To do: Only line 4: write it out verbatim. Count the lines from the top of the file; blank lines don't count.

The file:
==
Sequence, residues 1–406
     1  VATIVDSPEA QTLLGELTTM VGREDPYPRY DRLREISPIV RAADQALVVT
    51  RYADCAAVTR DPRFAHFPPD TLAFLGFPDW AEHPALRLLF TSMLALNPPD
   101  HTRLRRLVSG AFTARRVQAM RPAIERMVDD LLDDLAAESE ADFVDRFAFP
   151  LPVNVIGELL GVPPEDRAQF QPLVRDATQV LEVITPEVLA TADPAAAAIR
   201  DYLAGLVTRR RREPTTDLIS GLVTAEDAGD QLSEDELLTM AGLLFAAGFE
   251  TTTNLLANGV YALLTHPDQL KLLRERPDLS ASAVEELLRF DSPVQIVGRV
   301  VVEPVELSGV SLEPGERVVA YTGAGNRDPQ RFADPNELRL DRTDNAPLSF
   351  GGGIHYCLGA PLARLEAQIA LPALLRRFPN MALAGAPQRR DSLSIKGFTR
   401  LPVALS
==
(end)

   101  HTRLRRLVSG AFTARRVQAM RPAIERMVDD LLDDLAAESE ADFVDRFAFP